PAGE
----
The best news I've heard all day comes courtesy of Comics Continuum who confirm that HBO has finally pulled the plug on Mark Steven Johnson's adaptation of Garth Ennis' "Preacher". It's not that I have no faith in HBO; a episodic censor-free series is exactly the right way to go if you're going to do it and "Preacher" (unlike, say "Watchmen) could be every bit as valid with 24 frames a second. No, it's Johnson I have a problem with.
Back when "Daredevil" hit the big screen, I'd defend Johnson to my friends. After all, he was a virtual newcomer up against a studio and -- while there wasn't exactly an abundance of talent on display there -- the DVD commentary had me convinced that some of the outright awful aspects of "Daredevil" were due to bizarre studio demands. (Like, for instance, the giant, flaming DD). And then "Ghost Rider" hit and -- because it made money -- Johnson was so, so proud that he achieved his artistic vision.
Now Johnson can have "Ghost Rider" as, quite frankly, I don't really believe that Ghost Rider's fans extend much beyond people who like to see a flaming skeleton on a motorcycle. But "Preacher"? We're talking about my favorite comic series of all time and Johnson can stay the Hell away from it.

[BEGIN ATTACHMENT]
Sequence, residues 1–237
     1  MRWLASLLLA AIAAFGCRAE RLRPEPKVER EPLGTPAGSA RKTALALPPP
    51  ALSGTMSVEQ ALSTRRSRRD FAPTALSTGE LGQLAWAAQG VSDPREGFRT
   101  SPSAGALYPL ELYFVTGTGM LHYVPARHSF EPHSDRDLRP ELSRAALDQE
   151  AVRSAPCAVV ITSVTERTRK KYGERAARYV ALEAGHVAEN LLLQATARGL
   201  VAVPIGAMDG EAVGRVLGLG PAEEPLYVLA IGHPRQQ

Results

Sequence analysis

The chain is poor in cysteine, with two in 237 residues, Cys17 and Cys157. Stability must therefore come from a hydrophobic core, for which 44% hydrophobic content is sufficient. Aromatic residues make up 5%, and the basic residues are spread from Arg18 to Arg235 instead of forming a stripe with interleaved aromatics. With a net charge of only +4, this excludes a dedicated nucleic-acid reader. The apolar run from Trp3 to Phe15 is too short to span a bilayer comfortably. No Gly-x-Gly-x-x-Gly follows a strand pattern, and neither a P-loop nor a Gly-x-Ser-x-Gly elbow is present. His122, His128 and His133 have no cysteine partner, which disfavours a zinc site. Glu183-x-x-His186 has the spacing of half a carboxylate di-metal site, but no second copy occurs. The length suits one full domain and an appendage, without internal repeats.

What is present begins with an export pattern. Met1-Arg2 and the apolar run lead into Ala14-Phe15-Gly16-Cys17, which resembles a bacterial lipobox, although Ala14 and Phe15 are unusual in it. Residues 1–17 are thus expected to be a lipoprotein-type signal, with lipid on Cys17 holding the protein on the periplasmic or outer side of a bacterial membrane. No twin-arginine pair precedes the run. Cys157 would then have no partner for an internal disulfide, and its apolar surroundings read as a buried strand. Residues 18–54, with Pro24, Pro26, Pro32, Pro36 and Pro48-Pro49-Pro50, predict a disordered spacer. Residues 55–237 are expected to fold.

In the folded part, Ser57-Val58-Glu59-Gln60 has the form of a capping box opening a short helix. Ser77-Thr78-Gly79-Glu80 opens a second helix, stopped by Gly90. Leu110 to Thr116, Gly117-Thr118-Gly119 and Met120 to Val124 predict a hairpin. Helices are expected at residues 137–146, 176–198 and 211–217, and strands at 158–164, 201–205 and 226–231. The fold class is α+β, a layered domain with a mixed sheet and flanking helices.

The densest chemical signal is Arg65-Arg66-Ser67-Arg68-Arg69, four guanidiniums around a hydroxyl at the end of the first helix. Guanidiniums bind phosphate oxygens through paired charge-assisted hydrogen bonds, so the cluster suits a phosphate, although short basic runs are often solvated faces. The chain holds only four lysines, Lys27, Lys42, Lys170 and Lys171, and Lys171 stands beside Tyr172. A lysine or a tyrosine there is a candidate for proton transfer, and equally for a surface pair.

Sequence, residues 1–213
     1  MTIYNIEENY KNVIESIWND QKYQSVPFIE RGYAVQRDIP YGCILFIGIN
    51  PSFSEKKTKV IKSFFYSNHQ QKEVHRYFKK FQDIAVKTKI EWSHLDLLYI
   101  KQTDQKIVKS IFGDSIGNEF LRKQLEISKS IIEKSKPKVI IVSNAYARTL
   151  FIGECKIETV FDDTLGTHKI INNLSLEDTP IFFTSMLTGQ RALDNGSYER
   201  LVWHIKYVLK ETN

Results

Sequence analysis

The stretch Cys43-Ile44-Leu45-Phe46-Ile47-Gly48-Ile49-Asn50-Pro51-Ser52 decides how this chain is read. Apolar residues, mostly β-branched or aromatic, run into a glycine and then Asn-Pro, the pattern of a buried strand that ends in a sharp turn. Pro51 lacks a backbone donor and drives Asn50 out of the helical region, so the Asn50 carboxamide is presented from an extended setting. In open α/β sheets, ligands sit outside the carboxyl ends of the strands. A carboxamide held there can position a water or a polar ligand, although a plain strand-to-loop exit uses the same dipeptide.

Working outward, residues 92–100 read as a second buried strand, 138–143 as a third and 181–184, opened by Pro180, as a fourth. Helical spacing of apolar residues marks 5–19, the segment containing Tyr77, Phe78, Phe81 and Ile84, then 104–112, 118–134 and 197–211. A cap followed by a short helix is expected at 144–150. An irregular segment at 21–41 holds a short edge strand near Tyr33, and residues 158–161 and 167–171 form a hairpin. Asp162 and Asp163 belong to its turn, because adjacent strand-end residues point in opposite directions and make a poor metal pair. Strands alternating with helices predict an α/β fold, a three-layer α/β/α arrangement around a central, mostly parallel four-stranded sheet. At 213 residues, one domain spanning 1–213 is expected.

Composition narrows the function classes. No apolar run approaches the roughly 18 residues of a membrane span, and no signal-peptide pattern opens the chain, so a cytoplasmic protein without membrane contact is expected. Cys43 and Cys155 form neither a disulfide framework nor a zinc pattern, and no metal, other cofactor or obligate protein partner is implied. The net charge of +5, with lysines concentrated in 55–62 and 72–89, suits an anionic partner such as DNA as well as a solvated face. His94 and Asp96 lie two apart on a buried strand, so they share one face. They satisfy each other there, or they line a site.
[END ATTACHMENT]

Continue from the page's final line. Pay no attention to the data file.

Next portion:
The 60-issue comic book series features Texan preacher Jesse Custer who, after bonding with the spawn of a demon and an angel, has the power to force his commands on others. Joined by his ex-girlfriend Tulip and an Irish vampire, Cassidy, Jesse goes on a search for God across America
, intent on making him explain to the world why he abandoned his post in heaven.
In Johnson's words, "...the new head of HBO felt it was just too dark and too violent and too controversial. Which, of course, is kind of the point!"
I don't know if there's any truth to that or not, but it certainly sounds like a excuse that you could run with regardless of HBO's real reasons for canceling the project. But if you're looking for live-action Jesse Custer, he may still be on the way:
"I've heard someone is in the process of getting the rights to turn it into a feature film," adds Johnson, " I hope that happens. But I hope it happens as a series of movies as one movie couldn't do it justice."
I have to agree with him there. "Preacher" was being developed as a film nearly ten years ago and production art exists that would have had Samuel L. Jackson as the Saint of Killers. (Which is crazy because it absolutely has to be either Clint Eastwood or Lance Henriksen). The real trick, though, is going to be finding a director worthy of the project and not just a Ennis fanboy. Click here
to check out Comics Continuum's original story.